Historically, when the industrial Ethernet standards used a standard MAC/switch, it was easy to dedicate a microprocessor unit (MPU) for communications. To support a new standard, system designers could swap out the protocol stack (software). However, many of the more recent standards require a specialized MAC implementation.
Standardizing the communication protocol implementation on a standard MPU with a standard Ethernet MAC and switches falls short when dealing with such newer standards. Some MPU vendors have developed techniques like developing custom microcode for a proprietary embedded processor to emulate a non-standard MAC. But these are esoteric methodologies with unknown pitfalls.
Protocols that require a specialized MAC implementation are usually best applied with a custom hardware approach using either an ASIC or an FPGA, depending on the volume and desired price point. Also, there’s always a possibility that the MAC design may change as these standards evolve. To future-proof the system design against such an eventuality, a programmable hardware approach is the safest path.
PoE is a crucial enabler to the future of industrial Ethernet and has its own set of standards to deliver increasing amounts of power to connected devices. The connection between data transmission and power is a critical one, necessitating PoE’s own set of standards that must evolve with industrial Ethernet.
Why Standards Need to Evolve
Because low-voltage operation hinders PoE by lower-voltage operation, professional organizations modify standards to promote higher-power-distribution capability for industrial Ethernet solutions using PoE. The infrastructure for PoE already exists in the data-transmission pathways, so making it easier to distribute power with PoE enables its application to an increasing amount of equipment. The relevant standards are summarized below (multiple classes exist for a given device type):
- IEEE 802.3af-2003: The original PoE standard specified up to 15.4 W dc power to be transmitted through the 2-twisted-pair cable. Line losses were allowed to consume no more than 16% of the power before reaching the powered device, delivering 12.95 W dc (type 1 device).
- IEEE 802.3at (2009): The 2009 improvement to the PoE standard pushed the limit to 30 W dc (type 2 device) with delivered power of 25.5 W dc over the pair.
- IEEE 802.3bt (2018): Applications continued to evolve to push power demand higher. As a result, the latest revision of the standard in 2018 elevated the power delivered to powered devices from 51 W dc (type 3) to 71.3 W dc (type 4) with less than 21% line losses required.
The increasing power specified in the standards underscores the point that PoE is an increasingly desirable method to distribute power to connected devices. Engineers achieve higher power levels by passing current through all four twisted pairs of the network cable for the higher classes of type 4 devices.
Expanding power-distribution capability enables the IoT by removing the IT and Operations disconnect within facilities management—a historical challenge—by improving integrating connectivity of technology with equipment. Rather than run electrical and Ethernet, only one cable bundle is needed. This integration dramatically simplified installation and routing paths while decreasing installation costs.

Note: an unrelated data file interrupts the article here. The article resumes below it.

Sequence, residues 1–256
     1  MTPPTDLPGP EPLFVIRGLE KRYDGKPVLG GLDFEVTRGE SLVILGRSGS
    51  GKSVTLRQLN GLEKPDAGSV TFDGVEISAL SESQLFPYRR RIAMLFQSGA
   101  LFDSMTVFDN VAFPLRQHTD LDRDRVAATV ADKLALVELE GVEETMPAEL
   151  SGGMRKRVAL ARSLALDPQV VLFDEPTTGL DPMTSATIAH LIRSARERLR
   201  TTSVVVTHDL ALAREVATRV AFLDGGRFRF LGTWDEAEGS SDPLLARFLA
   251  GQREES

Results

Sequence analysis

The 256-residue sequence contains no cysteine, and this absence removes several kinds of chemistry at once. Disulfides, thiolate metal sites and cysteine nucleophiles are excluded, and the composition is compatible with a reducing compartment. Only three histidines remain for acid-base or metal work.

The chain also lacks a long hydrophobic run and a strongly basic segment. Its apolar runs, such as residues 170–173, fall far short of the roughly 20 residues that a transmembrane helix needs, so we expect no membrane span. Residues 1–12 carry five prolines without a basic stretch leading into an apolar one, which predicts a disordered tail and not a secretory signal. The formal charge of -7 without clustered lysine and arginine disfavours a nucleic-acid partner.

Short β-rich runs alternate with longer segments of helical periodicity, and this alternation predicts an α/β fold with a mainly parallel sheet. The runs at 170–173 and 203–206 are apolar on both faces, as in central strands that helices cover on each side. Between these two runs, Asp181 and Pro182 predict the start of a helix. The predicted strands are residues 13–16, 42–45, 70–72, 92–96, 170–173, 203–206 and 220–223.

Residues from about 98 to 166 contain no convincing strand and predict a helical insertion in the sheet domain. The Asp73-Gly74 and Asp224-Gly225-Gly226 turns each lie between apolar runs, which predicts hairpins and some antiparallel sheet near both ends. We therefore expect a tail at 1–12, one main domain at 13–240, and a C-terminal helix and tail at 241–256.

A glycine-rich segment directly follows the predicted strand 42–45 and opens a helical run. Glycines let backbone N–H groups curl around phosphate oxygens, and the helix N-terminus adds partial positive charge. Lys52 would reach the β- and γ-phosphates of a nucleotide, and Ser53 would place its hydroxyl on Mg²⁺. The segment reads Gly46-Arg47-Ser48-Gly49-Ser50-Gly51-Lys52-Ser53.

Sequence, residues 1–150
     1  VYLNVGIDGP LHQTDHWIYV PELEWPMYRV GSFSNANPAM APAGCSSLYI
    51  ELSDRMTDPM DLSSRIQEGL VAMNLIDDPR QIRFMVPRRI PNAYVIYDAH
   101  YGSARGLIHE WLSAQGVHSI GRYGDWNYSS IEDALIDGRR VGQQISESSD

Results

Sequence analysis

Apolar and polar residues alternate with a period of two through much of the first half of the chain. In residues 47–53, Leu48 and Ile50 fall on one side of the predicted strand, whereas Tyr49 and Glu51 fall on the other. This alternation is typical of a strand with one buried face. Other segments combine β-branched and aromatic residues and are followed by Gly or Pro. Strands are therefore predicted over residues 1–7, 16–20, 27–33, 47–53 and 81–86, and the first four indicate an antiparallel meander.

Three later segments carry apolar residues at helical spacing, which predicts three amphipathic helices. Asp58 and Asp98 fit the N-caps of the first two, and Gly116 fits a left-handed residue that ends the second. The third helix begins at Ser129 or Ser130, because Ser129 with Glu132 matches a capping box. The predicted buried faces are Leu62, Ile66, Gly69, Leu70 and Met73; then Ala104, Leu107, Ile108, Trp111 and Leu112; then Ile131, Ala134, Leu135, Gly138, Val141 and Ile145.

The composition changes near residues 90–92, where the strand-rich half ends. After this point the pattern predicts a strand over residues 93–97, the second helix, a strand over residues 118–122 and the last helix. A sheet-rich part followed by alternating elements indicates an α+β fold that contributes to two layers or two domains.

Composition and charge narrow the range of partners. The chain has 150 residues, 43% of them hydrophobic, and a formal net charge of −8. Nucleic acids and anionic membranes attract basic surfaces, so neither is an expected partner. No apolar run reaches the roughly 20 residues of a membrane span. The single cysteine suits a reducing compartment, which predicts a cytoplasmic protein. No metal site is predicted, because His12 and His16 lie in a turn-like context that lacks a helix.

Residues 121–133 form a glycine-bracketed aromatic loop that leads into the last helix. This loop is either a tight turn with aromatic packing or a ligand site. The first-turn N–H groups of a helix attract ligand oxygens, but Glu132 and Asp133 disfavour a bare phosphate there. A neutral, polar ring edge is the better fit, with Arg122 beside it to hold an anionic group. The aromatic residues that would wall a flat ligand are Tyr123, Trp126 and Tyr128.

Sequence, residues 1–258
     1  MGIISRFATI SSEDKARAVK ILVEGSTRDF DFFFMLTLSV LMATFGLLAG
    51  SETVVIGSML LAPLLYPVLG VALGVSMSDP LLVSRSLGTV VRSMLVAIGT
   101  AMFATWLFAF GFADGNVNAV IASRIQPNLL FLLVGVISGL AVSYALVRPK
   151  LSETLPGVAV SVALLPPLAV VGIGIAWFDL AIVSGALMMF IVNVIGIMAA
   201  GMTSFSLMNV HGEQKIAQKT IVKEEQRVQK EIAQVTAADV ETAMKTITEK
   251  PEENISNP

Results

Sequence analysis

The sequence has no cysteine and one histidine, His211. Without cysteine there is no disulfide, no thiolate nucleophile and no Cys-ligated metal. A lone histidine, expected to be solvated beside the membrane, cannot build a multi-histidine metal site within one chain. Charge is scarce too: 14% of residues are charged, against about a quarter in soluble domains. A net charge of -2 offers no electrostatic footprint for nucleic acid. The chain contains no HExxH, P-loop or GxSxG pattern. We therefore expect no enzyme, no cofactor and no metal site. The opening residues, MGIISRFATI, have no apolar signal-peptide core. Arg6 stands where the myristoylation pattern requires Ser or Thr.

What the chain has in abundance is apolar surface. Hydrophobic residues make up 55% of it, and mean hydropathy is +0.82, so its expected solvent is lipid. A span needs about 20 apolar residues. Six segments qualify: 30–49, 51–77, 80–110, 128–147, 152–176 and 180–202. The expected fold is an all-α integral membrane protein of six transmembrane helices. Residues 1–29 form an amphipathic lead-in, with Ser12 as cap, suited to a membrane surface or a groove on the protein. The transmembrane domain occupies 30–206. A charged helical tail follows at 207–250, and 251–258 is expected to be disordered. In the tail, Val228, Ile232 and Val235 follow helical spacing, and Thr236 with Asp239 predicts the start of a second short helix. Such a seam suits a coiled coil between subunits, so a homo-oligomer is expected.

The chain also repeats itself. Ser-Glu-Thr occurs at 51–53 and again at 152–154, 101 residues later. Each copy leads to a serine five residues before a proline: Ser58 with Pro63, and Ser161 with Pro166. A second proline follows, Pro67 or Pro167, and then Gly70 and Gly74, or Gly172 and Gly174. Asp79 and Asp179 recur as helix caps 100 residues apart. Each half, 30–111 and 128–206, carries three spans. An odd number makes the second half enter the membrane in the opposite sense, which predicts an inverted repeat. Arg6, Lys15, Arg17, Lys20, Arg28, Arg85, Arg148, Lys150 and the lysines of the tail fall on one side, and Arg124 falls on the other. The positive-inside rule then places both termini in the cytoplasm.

With the propagation of 5G addressing bandwidth constraints, system performance becomes limited by how power is delivered to connected devices. Stated differently, supplying on-demand, reliable power (when needed) is the critical function of the facility. More delivered power unlocks additional features, improving the user experience with a connected device. With the new PoE standard, more devices over a network can integrate power with data transmission.
Conclusion and Applications
Like many other communications functions, industrial Ethernet implementation is moving from the module to the device to becoming a deeply embedded function. This evolution is standard for many tasks as system vendors work hard to optimize their design for cost, power, form factor, and more.
There are numerous advantages of PoE in the context of industrial Ethernet. PoE is cost-efficient due to a single cable handling both power and data transmission. This benefit leads to fewer connections, and it facilitates centralized control better than traditional ac-dc conversion while offering near-infinite flexibility in cable-routing patterns. PoE is efficient, delivering on-demand power to the active powered device in only the amount it needs to operate.
While enabling the IoT and propelling innovation in industrial Ethernet, PoE standards continue to evolve to keep pace with increasing power demands. Higher degrees of integration of devices and facilities equipment, coupled with increased data generation and analytic rates, drive demand for reliable delivered power. IEEE 802.3 has continued to evolve over the years to provide added power for data transmission.
The surge in delivered power allows more types of equipment and devices to realize the advantages of PoE. Original PoE supported static surveillance cameras, wireless access points, and [voice-only] phones. The 2009 revision allowed alarm systems and video phones to utilize PoE. The 2018 update brought in video conferencing, laptop computers, flatscreen TVs, and many of the devices used by the IoT.
The rate at which that power can be delivered to connected devices determines the speed that data can be transmitted and analyzed over industrial Ethernet. PoE enables reliable high-power loads to reach connected devices in a manner that improves facilities’ installation processes and envelops a wider range of equipment.